The Pharisees talking to Nicodemus intend to shame him by asking if he too is a Galilean. They are not accusing him of anything short of impurity. Why? Because impurity is the greatest sin in the mind of both a Pharisee and a Sadducee. John is very aware of this mindset. He quotes John the Forerunner (or the Baptist) who claims Jesus is “the lamb of God who takes away the sin of the world” (1:29). The paschal lamb was to be very pure “without spot or blemish” for the meal marking the liberation from slavery in Egypt. Purity was of the utmost importance because that which was “unclean” could not be made “holy.” Pharisees wanted holiness in the person. Sadducees wanted holiness in the Temple practices. Both groups demanded “purity” as a means to their goals.

The desire to be without fault can be a consuming wish. It destroys all relationships eventually. Human beings cannot love purely, have faith purely, or keep hope purely. It is easier and deadlier to insist on purity in other ways. The manifestation of this kind of sickness is seen in how evil we will act to maintain the right to demand purity of other people.

We see this sickness in the text. The Pharisees and the chief priests will ensure the continuation of the program of making the nation pure by murdering Jesus and even Lazarus (12:10). Logic indicates more people would have to die in order to maintain this power. False accusations are offered for the greater good. False assertions are given in the name of the best for the nation. And one or two of the Ten Commandments must be sacrificed to save the list itself.

The question that remains is, “Do we want to continue being sick?” Will we decide to take a less easy path so that the dross can be burned out of us? I do not believe we want to ever take our medicine. But, as Kierkegaard observed, only a half dosage allows disease to kill even if it is only hampered a bit. History demonstrates the Temple and the Holy City were lost only forty years after the events described by John.

Loving Your Calling

This time of the year I remember Andy Anderson. He always sent my family a ham for Christmas. It was an unnecessary gesture. For two people who often had opposing ideas, we got along very well. He gave me the gift simply because I was his Pastor. I still have a Christmas wreath his wife made for my family. I received many gifts from that family.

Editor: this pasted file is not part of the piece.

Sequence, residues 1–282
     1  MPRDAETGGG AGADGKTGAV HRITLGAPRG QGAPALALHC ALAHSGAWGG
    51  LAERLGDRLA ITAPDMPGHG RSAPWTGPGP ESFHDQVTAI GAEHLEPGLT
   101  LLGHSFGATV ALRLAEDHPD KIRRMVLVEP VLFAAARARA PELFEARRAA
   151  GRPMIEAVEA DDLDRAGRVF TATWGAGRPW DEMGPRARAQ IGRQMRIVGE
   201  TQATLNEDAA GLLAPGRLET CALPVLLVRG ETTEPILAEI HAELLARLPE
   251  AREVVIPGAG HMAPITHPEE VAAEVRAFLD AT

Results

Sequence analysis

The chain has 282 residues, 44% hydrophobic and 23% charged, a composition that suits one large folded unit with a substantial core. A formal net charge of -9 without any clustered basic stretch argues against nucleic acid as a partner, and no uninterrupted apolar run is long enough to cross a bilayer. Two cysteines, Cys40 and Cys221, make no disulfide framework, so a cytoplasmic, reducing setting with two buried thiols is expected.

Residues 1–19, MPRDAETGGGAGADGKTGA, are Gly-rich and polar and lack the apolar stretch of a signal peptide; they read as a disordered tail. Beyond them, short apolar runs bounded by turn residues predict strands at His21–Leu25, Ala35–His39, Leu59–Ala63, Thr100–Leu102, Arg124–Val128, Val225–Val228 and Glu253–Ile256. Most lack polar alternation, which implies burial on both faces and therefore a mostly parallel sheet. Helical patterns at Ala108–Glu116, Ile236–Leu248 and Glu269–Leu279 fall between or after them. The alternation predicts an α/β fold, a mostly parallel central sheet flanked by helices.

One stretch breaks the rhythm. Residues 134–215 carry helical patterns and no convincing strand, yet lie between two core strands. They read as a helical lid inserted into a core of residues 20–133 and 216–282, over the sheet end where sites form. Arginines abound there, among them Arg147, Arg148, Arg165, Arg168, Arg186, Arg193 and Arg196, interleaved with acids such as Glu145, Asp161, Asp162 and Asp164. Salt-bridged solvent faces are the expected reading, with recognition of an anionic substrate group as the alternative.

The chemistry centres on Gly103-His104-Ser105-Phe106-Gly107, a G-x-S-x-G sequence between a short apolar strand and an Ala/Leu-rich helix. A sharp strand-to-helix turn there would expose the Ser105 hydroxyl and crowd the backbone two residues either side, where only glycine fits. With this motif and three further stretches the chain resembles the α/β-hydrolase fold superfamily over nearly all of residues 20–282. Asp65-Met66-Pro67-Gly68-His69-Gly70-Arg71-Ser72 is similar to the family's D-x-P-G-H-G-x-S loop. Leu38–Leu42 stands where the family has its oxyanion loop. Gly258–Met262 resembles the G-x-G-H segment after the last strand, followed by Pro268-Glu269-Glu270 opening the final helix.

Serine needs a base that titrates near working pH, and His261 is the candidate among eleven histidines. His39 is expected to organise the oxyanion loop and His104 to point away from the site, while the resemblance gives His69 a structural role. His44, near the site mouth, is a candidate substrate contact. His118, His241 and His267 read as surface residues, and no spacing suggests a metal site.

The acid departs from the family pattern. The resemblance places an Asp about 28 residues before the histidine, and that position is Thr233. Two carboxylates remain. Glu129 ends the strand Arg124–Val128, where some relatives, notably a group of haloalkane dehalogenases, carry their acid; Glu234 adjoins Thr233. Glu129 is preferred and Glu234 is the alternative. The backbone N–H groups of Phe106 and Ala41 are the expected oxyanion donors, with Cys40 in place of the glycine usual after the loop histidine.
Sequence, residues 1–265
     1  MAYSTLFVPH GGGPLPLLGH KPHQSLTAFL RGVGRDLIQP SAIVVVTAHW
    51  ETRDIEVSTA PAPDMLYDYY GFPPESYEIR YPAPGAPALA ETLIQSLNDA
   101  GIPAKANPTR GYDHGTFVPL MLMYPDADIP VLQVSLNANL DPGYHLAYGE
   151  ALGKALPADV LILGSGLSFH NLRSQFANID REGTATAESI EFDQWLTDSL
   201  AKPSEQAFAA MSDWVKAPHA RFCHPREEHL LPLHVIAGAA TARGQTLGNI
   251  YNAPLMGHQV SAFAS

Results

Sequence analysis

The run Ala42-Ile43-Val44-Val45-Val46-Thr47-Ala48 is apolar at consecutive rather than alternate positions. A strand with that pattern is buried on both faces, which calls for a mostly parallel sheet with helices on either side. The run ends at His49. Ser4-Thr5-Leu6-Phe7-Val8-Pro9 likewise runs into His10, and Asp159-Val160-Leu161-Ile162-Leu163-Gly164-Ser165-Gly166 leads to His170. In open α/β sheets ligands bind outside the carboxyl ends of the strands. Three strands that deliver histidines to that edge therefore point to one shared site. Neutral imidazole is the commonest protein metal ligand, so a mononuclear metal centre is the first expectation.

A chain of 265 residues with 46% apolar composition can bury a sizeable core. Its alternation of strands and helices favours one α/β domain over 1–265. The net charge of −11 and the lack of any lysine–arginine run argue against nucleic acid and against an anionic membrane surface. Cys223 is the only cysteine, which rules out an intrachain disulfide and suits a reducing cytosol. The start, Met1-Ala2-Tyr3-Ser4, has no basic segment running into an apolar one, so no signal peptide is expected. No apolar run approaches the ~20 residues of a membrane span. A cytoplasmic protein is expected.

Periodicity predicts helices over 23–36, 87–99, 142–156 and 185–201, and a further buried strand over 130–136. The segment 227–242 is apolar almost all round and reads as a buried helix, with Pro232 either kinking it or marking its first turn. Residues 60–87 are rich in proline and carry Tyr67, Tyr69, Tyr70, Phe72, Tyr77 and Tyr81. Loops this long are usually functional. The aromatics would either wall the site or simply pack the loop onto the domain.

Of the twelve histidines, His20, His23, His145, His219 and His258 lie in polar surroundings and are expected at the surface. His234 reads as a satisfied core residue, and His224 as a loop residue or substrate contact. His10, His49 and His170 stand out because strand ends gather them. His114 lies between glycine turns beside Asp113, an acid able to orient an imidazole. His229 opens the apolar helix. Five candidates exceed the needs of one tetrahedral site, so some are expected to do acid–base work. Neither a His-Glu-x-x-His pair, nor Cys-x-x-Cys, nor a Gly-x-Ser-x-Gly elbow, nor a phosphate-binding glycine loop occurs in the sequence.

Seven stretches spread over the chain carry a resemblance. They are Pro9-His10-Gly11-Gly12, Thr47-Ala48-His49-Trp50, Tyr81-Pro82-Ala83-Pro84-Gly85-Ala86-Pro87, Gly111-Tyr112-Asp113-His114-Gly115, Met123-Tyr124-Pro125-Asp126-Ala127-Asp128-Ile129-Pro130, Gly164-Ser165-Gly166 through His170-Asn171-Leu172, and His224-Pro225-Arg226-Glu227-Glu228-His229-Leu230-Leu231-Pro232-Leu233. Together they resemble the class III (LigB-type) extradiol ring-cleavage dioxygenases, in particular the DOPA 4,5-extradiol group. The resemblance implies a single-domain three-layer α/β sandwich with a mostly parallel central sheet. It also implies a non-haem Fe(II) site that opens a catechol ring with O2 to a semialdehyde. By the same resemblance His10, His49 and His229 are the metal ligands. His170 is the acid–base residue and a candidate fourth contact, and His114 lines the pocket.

One of the best gifts was when my father suffered a heart attack. Andy drove to the hospital to sit with my extended family (God love him just for that). Later I was told he had said, “Pastor sits with us when we have something going on, who sits with him when his family has trouble?” He got in his car and went to the hospital.

Andy was one of those Christians who was ready to help. His actions were guided by his study of the Bible and by what he had been taught. I knew of other actions he took for other people. He did not tell me about them either. He was generous with his time. He was generous with his possessions. He even took a shift each day caring for his ex-wife when she was dying. He once told me when the church youth group was having a pool party at his home. “No one needs all of this. It’s why I share it.” It was a good lesson to remember.

Andy told me he really loved my Bible studies. I enjoy teaching Bible studies. They are fun to develop. I try to make the discussion lively. When Andy died an untimely death, his widow said, “Andy always loved arguing with you.”

Sometimes the students can do more than their teachers. I am always glad to hear someone has put my advice into practice or took a lesson I gave to heart. Granted, I don’t have that satisfaction with everyone. Neither am I everyones idea of a teacher. I love to do it because sometime the point will come that I taught someone something that will make a difference in their lives.

I got the taste for this type of teaching early on in my life. Camp Buck Toms Boy Scout Camp in Rockwood Tennessee allowed me my first effort in teaching. I taught the Emergency Preparedness merit badge. The lesson plan was merely the list of requirements to earn the award. The only taxing part was getting everyone to pay attention while they fulfilled the requirements. We got to do some pretty cool stuff for emergency situations. The best lesson we all learned was that emergencies are never the same. One has to learn to think on one’s feet and to act quickly. I learned years later that one of the scouts that took my course kept a friend of his (and mine) from bleeding to death following an automobile accident. Usually when an emergency presents itself I keep my head well enough to take care of what needs doing then. I get emotional after the crisis has passed.